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Fighting Back

BITAC® Presentation Offers Solutions On How Hoteliers Can Combat Sharing Economy

Friday, May 03, 2019
Dennis Nessler
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As the inventory and the bookings within the sharing economy, and Airbnb specifically, continue to explode the impact on the lodging industry is undeniable. Speaking at BITAC® Operations earlier this week, author, hotelier and Hotel Interactive® contributing writer Larry Mogelonsky drove home that point to attendees and offered some solutions for hoteliers to compete effectively with these online giants.

Mogelonsky framed the discussion by acknowledging the growth of Airbnb, which now offers some 6 million rooms compared to 1.3 million rooms for Marriott International, which represents the largest hotel chain. In fact, the top three hotel companies combined, Marriott, Hilton and IHG, total less than half of Airbnb’s current inventory.

He further added that more than half of U.S. households with more than $100,000 in income have used Airbnb in the past 12 months. “They’re a game changer, they’ve legitimized the sharing economy for hotels,” said Mogelonsky.

He detailed how the 11-year old company built its reputation and increased its presence.
“The Millennial generation is where it started and the target was backpackers and people who were couch surfing. The pricing was transparent and the concept was authentic experiences,” noted Mogelonsky, later adding of the Millennial generation, “we’re [hoteliers] not getting them back; it’s going to be hard, bordering on impossible.”

But just as importantly Airbnb has continued to evolve and now has created “Airbnb for work,” which is designed strictly for corporate business. Mogelonsky pointed out that some three quarters of a million businesses have already registered, including 100 percent of the Fortune 500 companies.

From the perspective of traditional hoteliers, Mogelonsky noted, “They’re going after our bread and butter; the seasoned affluent traveler.”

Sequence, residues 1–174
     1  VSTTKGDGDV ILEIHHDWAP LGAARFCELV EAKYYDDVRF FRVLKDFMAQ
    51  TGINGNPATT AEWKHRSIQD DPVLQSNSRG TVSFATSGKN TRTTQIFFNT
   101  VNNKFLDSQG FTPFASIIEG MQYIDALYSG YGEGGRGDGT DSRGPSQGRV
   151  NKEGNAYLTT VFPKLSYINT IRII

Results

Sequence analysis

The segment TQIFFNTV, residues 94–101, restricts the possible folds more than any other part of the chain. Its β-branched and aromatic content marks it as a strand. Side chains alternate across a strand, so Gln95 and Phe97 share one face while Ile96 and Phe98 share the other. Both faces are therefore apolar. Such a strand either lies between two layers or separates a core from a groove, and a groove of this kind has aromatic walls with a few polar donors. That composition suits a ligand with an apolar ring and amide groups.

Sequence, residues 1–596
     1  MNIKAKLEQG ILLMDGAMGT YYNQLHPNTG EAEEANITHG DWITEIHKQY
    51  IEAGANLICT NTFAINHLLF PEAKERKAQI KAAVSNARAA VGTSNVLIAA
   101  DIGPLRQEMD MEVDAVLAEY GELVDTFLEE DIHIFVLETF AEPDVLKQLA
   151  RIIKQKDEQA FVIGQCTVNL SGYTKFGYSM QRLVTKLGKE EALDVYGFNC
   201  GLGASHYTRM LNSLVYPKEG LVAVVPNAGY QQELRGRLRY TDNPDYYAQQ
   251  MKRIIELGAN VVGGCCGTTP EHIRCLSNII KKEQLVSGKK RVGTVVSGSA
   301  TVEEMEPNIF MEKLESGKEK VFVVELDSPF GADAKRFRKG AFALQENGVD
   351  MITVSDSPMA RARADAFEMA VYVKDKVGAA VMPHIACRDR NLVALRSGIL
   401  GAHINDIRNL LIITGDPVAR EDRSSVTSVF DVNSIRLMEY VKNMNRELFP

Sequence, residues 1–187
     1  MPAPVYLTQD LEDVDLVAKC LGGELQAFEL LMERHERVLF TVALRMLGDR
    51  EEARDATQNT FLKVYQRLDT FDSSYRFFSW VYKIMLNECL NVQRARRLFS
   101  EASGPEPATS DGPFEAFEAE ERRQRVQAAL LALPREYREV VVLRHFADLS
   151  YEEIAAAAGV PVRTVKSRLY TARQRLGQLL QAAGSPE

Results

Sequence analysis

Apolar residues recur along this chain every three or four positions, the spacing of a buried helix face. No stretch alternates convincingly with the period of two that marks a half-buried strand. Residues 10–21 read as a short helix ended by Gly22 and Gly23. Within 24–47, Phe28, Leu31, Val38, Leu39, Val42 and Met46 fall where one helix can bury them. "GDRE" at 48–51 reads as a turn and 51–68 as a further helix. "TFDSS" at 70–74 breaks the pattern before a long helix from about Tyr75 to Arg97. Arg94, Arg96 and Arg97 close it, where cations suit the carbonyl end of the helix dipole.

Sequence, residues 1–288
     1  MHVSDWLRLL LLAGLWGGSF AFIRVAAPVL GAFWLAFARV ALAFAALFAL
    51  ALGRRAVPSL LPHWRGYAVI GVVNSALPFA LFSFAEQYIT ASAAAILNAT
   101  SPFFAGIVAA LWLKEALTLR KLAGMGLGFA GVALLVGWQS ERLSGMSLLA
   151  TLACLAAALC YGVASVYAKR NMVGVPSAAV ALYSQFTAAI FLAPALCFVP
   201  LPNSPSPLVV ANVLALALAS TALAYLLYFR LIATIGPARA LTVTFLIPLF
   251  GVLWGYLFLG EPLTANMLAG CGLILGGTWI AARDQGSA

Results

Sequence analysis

Mogelonsky stressed that the hotel industry needs to respond and quickly.
“We have to fight back, but first we have to acknowledge that Airbnb exists. They’re entrenched and they’re a serious threat to our business. We have to recognize that. Don’t think you can deny Airbnb as a competitor just because you have five stars on your property. You are going to be hit,” he said.

Mogelonsky further added, “We need to get together and think about Airbnb as our key competitor and not the hotel next door. They’re not going to be your comp set, Airbnb is your competitive set.”

Meanwhile, the considerable efforts by hotel associations and organizations to “level the playing field” for traditional hotels by making sure Airbnb’s are subject to the same taxes, inspections and regulations will do little, according to Mogelonsky. He referred to those as “partial measures” that may slow their progress but “will not help us in long term.”

Mogelonsly did, however, point out, “We can survive but the key is we have to differentiate ourselves.”
He continued, “We have to start thinking of our properties as a gem. We have to start thinking and focusing on making it as absolutely good as it can be. We start by playing to our strengths. Let’s think about what we have as hoteliers that Airbnb doesn’t have.”

To that end, Mogelonsky emphasized the importance of people and specifically service.
“We’ve got lot of people. We’ve got all of these staffers and this is a tremendous advantage to us versus Airbnb, which has nobody,” he exclaimed.

Mogelonsky to detail some of the differentiating factors for hotels.
“I believe the most important opportunity for us is food because everybody eats. Twenty-six percent of people golf, 24 percent of people go to the spa, but 100 percent of your guests eat. Don’t forget it. We’ve neutralized all of the room differentials. Food is a key factor for booking. Love and embrace your f&b director, love and embrace you chef and make sure everybody knows what their doing in that area,” he noted.

Mogelonsky referred to what he calls the “living room” concept as a means of taking advantage of public spaces. “You have a property, create points of interest out of your property. Find ways to differentiate areas within your public areas and your guestrooms to make them different,” he said, emphasizing the importance of making the lobby a destination for guests.

Other potential of points of differentiation for hotels include artwork, a concierge, cutting-edge technology and loyalty programs. Mogelonsly further touched on the importance of offering room upgrades and designing rooms for social media sharing. “You’re not in the accommodation business, you’re in the experience business,” he told attendees.

Mogelonsky also urged hoteliers to take advantage of bleisure, a trend that combines business and leisure. “Remember it in everything you do. If somebody’s coming into your property and they’re staying for a two-day business event, find a way to offer them an additional night on either side at a special price,” he said.

Mogelonsky concluded by insisting that every hotel has to “be the best” at one particular aspect of hospitality. “Your property has to stand for something,” he stated.

Dennis Nessler    Dennis Nessler
Hotel Interactive®, Inc.
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